• Home
  • About
  • Guest Post

    That old-time religion

    And what would Christmas in 2004 be without a million and one attempts to bend it in pretzels to suit current ideological wish-lists? Larry King decided that the best panel to discuss the profundities of Christ’s legend and legacy included Deepak Chopra. I regard the fact that he and his studio weren’t zapped into ash on the spot as final proof that there is no God.

    Later, Atsushi and I watched part of another vile CNN special called The Two Marys. (Don’t bother with the jokes about how well audience and subject matter suited each other–way, way too easy.) This was narrated by theological eminence Sigourney Weaver, and it included a lot of talk about how Mary the mother of Christ and Mary Magdalene could have had roles in the early church that were much more official than the Old Boy Network currently dominating Christianity lets on. Oh, yeah, and in case no one’s told you, Christ was gay.

    Now, obviously, as an atheist and believer in the disinterested pursuit of historical truth, I have no objection to the good-faith efforts by skeptics to do what they must with any genuine scholarly lead. Sometimes new knowledge, or improved theories that fit the evidence better than the previous ones did, will indeed prove disillusioning. When that happens, we have to be strong-minded enough to abandon our old beliefs.

    I do find it worth noting, though, that those who cast Mary Magdalene as the lost first disciple always seem to be feminists by conviction. Those who say Jesus had one or a string of queer relationships (always the icky-sensitivo kind, too–as long as we’re embroidering history, couldn’t we put those rough-tough carpenter muscles to better use? I’m just asking) turn out to be–ta-dah!–gay advocates. And in presenting their findings in soundbites of the form, “I’ve discovered X, and therefore Christian sects will have to stop mistreating group Y, ” these researchers don’t seem to make much effort to hide that ideology is driving their efforts.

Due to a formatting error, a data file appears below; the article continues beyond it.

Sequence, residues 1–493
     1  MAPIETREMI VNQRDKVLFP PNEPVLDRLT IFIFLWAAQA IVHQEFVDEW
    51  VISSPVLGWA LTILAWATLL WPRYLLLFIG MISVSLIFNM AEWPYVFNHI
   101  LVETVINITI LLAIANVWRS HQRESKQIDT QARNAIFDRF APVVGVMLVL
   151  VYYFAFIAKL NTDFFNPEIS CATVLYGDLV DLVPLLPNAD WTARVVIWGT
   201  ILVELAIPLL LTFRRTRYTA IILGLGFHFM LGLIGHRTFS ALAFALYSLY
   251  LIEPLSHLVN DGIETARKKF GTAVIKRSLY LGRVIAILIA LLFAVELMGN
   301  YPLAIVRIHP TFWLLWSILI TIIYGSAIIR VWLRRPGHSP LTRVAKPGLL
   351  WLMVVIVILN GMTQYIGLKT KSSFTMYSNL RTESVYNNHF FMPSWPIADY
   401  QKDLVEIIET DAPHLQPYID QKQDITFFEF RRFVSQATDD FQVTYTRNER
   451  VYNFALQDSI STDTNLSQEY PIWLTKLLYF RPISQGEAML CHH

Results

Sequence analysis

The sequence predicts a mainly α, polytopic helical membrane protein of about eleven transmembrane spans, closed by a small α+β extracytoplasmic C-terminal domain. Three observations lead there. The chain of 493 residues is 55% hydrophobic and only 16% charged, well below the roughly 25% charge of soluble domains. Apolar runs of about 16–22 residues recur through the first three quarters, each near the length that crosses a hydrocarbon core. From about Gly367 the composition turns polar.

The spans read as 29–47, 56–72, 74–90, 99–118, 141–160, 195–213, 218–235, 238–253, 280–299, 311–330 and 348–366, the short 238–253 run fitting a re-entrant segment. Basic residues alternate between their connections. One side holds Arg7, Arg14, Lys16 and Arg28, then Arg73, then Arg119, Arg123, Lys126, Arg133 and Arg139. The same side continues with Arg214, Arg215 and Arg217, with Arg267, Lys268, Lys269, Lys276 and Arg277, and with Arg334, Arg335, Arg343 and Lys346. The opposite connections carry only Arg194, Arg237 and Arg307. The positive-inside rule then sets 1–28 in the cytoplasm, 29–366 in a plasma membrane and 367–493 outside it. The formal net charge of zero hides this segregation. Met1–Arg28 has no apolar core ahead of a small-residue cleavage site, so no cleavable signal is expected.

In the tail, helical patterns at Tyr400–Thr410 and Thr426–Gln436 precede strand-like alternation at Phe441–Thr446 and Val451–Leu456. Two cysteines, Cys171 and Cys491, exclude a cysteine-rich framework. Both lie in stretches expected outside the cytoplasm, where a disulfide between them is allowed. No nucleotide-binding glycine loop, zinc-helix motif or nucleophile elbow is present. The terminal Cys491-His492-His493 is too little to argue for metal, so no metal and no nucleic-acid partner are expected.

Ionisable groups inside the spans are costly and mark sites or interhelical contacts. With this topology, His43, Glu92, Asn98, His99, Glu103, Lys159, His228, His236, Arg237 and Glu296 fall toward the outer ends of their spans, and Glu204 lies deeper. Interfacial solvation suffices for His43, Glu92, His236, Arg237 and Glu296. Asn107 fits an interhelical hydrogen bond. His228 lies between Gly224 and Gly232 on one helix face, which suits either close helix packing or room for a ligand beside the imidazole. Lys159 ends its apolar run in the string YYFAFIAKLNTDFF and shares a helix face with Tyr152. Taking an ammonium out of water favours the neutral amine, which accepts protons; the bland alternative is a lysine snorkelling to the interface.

None of this is a new problem, no; and the point could be made that it’s none of my affair. You could come up with demonstrable proof that Jesus was a real historical character who had more sex partners than a Falcon Video actor, and it wouldn’t change my life one bit. Nevertheless, religion used to show people how to take the good with the bad and to do their best with the proportion of the two that circumstances had dealt them. Now a lot of it makes the chirpy pretense that it’s all good. Something is lost for all of us when people push the line that reality has to be altered to show us in the most approving light before we can live meaningful lives.

    2 Responses to “That old-time religion”

    1. Rhianna says:

      Interesting posts, I’ll be checking back regularly. Now, on with the show…
      I think Mary and Mary both had larger roles than they’re now said to have had. The few I’ve met that outright say I’m lying are also against lay women in the pulpit, female ministers, and women having a greater role in the church. As an atheist, surely you can see anyone with any ideas on religion obviously put forth their own prejudice to support their view of religion, even when Messiah is conserned.
      I’d never heard He was gay! Mind you, the few gays I know or are related to aren’t members of GLAD or any other group, just as I’m not a member of any feminist group around.
      Religion has butchered the great good in believing Messiah has come. Religion is nothing more than a bunch of rules made up after Christ’s death, by disciples pushing their own agendas…hence we have Catholic, Greek Orthodox, Southern Baptist, Mormon, ……etc, etc, etc. They all have spun the Bible to project what they want, when they want. They exclude anything they don’t like or don’t agree with, and suppress those members that support it. It is nothing more than a power game for corrupt individuals at the top of any church.
      Basically, I guess it all boils down to one guy hating another guy for some reason, and trying to twist the Bible into a providing a reason.

    2. Sean Kinsell says:

      Thanks for your comment, Rhianna. I’ve read your blog before and like it. On this particular topic…well, the church I grew up in made both Marys out to be major figures. They were referred to often in sermons, but not as apostles or leaders of men in the conventional sense.
      As for me as an individual, you’ll get no argument against the idea that women of diva potential should be allowed to exercise it at whatever wattage they wish. If women want to maintain that they’re capable of leading congregations, great. If they’re going to claim that this is supported by the historical and archaeological evidence, they have to present arguments that are persuasive even to those who don’t instinctively sympathize with them. People who are going to be Christian and believe that the Bible is the revealed word of God have to accept that it’s going to say things they may not like. That was the major thing I was saying.